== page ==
How the Spanish government and Instituto Hemmingway are helping combat climate change By: Marleni Chavana
Climate change has affected nations all over the world, and Spain is no exception. Spain has experienced rising temperatures and a drought that has left 20% of mainland Spain desertified and 74% is at risk of becoming one.
As a result, the this.Spanish government and organizations like Instituto Hemingway are doing their part to help combat this.
The Spanish government has taken steps to improve the nation’s climate outlook. In 2021, the Spanish parliament approved Law 7/2021, which aims to bring the nation into compliance with the 2016 Paris Agreement.
This new act focuses on decreasing Spain’s greenhouse gas emissions and energy consumption, and increasing the nation’s renewable energy creation and usage. Spain has been making strides with decreasing their negative climate impact, as 40% of the electricity produced in 2022 was generated by renewable energy and it currently has over 1,000 wind farms installed throughout the country.
The nation seeks to be climate neutral by 2050, and efforts like this are helping move it forward towards that goal.
Organizations like Instituto Hemingway are also doing their part to combat climate change. Instituto Hemingway offers people multiple ways to get involved in conservation efforts and help combat climate change. One is through its beach clean up volunteer program. Bilbao’s geographic location on Spain’s northern coast provides the unique opportunity for Instituto Hemingway participants to make a direct impact on the coastal environment through their beach clean up program. Combating trash on the beach is an especially important issue for Spain, as given its location it receives the trash from the currents coming from Northern Europe, the Mediterranean and Northern African region, and even the Americas.
For instance, on Chinijo Archipelago Nature Reserve in the Canary Islands, which is Europe’s largest marine reserve, between 4,500 kgs and 6,000 kgs of waste is picked up from the beaches by volunteers each season, with the National Parks Agency picking up an additional 20,000 kgs. Given that an estimated 84% of trash on European beaches is plastic, this debris is very harmful to the overall ocean ecosystem.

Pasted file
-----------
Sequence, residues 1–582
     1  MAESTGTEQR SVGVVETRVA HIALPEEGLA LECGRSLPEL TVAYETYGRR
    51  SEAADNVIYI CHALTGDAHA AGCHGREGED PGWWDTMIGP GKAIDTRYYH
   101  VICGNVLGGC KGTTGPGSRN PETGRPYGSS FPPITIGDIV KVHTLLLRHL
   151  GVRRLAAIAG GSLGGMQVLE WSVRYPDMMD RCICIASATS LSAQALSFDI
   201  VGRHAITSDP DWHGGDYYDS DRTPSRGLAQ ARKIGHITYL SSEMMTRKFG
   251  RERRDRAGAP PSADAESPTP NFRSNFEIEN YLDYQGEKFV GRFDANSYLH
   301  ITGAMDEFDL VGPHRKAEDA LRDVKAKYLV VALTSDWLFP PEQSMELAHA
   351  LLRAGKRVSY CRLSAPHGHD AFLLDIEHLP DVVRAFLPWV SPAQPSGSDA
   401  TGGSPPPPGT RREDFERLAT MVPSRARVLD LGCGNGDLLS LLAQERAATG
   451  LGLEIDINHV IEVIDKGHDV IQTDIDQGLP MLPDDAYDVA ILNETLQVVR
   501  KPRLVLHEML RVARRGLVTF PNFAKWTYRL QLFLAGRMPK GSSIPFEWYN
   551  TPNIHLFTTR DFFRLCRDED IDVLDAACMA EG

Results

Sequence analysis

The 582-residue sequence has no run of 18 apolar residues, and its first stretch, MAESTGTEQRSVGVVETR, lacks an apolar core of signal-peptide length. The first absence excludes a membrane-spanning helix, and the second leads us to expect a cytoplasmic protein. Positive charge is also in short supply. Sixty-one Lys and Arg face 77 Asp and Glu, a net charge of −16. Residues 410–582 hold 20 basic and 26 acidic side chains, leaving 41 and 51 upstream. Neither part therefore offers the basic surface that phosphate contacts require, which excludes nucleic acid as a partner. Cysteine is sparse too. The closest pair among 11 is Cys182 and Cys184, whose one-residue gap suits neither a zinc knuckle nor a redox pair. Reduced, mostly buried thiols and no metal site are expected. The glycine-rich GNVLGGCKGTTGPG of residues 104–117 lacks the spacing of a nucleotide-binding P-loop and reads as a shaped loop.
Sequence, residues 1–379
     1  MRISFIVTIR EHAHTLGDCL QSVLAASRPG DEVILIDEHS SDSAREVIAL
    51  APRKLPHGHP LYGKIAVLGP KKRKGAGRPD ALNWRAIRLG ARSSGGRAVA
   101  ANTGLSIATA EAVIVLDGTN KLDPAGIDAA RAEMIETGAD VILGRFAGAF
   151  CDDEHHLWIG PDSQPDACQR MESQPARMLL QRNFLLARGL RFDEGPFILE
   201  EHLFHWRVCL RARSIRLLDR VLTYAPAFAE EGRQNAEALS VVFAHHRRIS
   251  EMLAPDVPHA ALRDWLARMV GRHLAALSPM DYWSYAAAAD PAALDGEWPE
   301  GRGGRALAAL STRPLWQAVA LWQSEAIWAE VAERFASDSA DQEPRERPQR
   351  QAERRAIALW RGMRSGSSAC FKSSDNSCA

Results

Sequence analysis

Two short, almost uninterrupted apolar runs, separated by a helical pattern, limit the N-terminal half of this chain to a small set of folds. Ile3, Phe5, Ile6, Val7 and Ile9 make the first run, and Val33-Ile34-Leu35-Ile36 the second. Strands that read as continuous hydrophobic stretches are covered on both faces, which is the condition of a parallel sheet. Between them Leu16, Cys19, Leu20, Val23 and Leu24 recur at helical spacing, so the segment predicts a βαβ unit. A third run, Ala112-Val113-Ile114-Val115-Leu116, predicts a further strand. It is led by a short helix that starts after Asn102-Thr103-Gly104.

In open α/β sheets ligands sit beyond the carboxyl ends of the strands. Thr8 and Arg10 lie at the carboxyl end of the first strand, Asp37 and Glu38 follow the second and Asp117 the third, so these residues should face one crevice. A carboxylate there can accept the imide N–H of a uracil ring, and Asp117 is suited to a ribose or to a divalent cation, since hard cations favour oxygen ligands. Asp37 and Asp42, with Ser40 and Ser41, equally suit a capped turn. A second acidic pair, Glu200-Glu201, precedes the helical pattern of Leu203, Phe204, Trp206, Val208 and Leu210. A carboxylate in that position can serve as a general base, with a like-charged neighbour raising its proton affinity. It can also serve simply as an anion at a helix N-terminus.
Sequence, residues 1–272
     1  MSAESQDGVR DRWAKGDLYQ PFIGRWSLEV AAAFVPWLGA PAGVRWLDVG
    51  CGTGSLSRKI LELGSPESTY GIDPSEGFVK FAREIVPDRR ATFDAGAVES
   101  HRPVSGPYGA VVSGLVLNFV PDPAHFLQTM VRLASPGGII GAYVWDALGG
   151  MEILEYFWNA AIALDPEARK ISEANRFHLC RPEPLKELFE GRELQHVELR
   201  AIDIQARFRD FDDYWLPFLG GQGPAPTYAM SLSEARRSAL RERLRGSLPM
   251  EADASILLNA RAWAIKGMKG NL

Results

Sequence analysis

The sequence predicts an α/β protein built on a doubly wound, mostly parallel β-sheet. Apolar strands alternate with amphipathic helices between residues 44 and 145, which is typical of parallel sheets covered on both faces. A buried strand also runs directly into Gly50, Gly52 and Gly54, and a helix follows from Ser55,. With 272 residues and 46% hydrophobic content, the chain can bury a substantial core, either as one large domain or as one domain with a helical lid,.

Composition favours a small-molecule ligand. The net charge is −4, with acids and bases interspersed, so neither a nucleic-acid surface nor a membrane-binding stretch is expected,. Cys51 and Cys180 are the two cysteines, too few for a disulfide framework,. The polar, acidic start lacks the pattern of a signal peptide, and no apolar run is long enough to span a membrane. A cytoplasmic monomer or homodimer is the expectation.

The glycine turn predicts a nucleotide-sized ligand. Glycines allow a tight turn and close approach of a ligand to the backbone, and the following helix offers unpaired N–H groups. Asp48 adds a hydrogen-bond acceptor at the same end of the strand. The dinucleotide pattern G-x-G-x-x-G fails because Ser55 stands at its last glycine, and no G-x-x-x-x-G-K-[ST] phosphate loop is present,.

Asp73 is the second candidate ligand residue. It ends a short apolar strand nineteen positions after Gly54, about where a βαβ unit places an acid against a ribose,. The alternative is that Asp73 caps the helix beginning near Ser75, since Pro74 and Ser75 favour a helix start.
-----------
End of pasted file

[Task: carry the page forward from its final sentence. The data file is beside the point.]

In an effort to counter this, volunteers with Instituto Hemingway are able to help clean up the local coastline and remove trash from the beach. Participants are able to collect debris and recycle any found plastic waste.
This is particularly significant as only around 30% of Europe’s plastic waste is recycled each year.
The Spanish government is further encouraging the use of recycling through the institution of a material sorted recycling system, which participants follow when sorting their collected waste.8 Given that ocean trash kills over 100,000 marine animals per year the work that IH volunteers are doing is life saving and an important part of keeping the Basque coastline clean.
Recycling products also helps Spain reach its energy goals and comply with the 2016 Paris Agreement. Making a bottle from recycled plastic takes 75% less energy than using new materials.10 Recycling also saves between 30% and 80% of carbon emissions that would otherwise be output by factories making new plastic. By getting involved with beach clean up projects like the one Instituto Hemingway hosts, volunteers are able to tackle climate change hands on and protect the ecosystem of the Spanish coast. To learn more about this program and get involved, check out Our website